Yet another claim is that much of the market rise

Info icon This preview shows pages 5–7. Sign up to view the full content.

Yet another claim is that much of the market rise over the last few years has been from buybacks. The numbers don't bear this out. The direction is plausible, as researchers have found that share prices do tend to increase -- by around 1% -- when buybacks are announced. Several explanations have been offered for this positive reaction including that investors see repurchases as a signal that management thinks shares are undervalued, and that investors cheer when management returns cash to shareholders rather than, perhaps, wasting it on "empire building." These explanations are behavioral effects at the margin. But critics often assume that shareholders moving cash from the corporate balance sheet to their personal one is a pure windfall -- never mind that they own the same set of assets before and after, and you can't loot yourself. It would be impossible to determine precisely how much of the more than 15% annual returns on the Russell 3000 since the financial crisis is a direct consequence of share repurchases, but there is no compelling evidence that it is more than a small fraction. 5
Image of page 5

Info icon This preview has intentionally blurred sections. Sign up to view the full version.

Riffe – ACCT 6201 –Session 11 –Fall 2018 The most wild-eyed critics actually claim that some specific companies are giant "scams" fueled by buybacks. Apple is the most notable target of these critics, who assert that much of its approximately $1 trillion market capitalization is an illusory artifact of share repurchases. That's backward. Buybacks reduce market capitalization. Remember, buybacks are also accused of causing the stock market to "self-liquidate." What Apple is accused of is a contradiction in terms -- self-liquidating to $1 trillion. Oh, and they sold some iPhones along the way, too. While not the main focus of the critics, there are some possible problems with buybacks. If taken to excess far beyond today's levels and financed with debt, they could lead to too much leverage (aggregate leverage today is pretty normal). Moreover, there may be ways in which corporate management can use share buybacks tactically to increase the value of stock options and other incentive contracts at particular times. This can and should be fixed with contracts written to adjust for the impact of buybacks, not by eliminating the benign buybacks themselves. The bottom line is that despite a legion of attempts, there is no real case against buybacks, let alone enough to blame them for all sorts of economic ills. Much of the criticism is innumerate nonsense. Nonetheless, the various charges are repeatedly made in otherwise reputable places, with increasing stridency, by people who should know better to people who presumably don't. That suggests the attack on buybacks is a politically motivated crusade -- let's blame public corporations for all kinds of evil. Americans have lots to debate, and those critical of public corporations likely have many other worthwhile points to make. They should drop nefarious buybacks from their retinue of accusations and focus on real problems.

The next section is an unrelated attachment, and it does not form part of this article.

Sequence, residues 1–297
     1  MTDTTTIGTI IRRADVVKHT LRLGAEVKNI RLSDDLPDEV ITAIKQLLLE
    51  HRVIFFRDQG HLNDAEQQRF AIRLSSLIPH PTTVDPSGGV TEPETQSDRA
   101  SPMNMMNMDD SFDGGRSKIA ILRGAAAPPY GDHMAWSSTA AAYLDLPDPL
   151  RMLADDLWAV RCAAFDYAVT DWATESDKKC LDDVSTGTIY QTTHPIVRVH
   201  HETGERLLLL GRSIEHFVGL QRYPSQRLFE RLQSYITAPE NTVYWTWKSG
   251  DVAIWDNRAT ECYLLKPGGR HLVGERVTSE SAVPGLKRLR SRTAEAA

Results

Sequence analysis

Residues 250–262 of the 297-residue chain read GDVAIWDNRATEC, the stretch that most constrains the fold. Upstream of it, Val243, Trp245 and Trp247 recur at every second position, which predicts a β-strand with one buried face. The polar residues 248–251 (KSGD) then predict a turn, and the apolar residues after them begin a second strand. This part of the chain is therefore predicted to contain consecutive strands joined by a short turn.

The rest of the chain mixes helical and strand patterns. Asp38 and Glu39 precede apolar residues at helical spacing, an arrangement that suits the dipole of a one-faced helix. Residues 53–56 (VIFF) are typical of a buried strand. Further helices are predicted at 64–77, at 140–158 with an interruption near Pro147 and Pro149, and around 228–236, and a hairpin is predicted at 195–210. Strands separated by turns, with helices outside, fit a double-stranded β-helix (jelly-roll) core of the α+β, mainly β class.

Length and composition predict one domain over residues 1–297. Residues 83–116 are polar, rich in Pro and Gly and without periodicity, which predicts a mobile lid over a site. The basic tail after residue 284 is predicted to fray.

Image of page 6
Image of page 7
This is the end of the preview. Sign up to access the rest of the document.
  • Fall '09
  • Robbins

{[ snackBarMessage ]}

What students are saying

  • Left Quote Icon

    As a current student on this bumpy collegiate pathway, I stumbled upon Course Hero, where I can find study resources for nearly all my courses, get online help from tutors 24/7, and even share my old projects, papers, and lecture notes with other students.

    Student Picture

    Kiran Temple University Fox School of Business ‘17, Course Hero Intern

  • Left Quote Icon

    I cannot even describe how much Course Hero helped me this summer. It’s truly become something I can always rely on and help me. In the end, I was not only able to survive summer classes, but I was able to thrive thanks to Course Hero.

    Student Picture

    Dana University of Pennsylvania ‘17, Course Hero Intern

  • Left Quote Icon

    The ability to access any university’s resources through Course Hero proved invaluable in my case. I was behind on Tulane coursework and actually used UCLA’s materials to help me move forward and get everything together on time.

    Student Picture

    Jill Tulane University ‘16, Course Hero Intern